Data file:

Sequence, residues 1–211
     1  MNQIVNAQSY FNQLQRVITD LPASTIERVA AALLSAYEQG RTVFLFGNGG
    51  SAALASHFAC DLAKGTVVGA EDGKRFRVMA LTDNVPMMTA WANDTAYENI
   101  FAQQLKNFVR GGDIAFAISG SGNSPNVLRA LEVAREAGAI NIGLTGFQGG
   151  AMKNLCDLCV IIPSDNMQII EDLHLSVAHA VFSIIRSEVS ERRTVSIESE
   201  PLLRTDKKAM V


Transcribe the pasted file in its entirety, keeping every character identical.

Sequence, residues 1–211
     1  MNQIVNAQSY FNQLQRVITD LPASTIERVA AALLSAYEQG RTVFLFGNGG
    51  SAALASHFAC DLAKGTVVGA EDGKRFRVMA LTDNVPMMTA WANDTAYENI
   101  FAQQLKNFVR GGDIAFAISG SGNSPNVLRA LEVAREAGAI NIGLTGFQGG
   151  AMKNLCDLCV IIPSDNMQII EDLHLSVAHA VFSIIRSEVS ERRTVSIESE
   201  PLLRTDKKAM V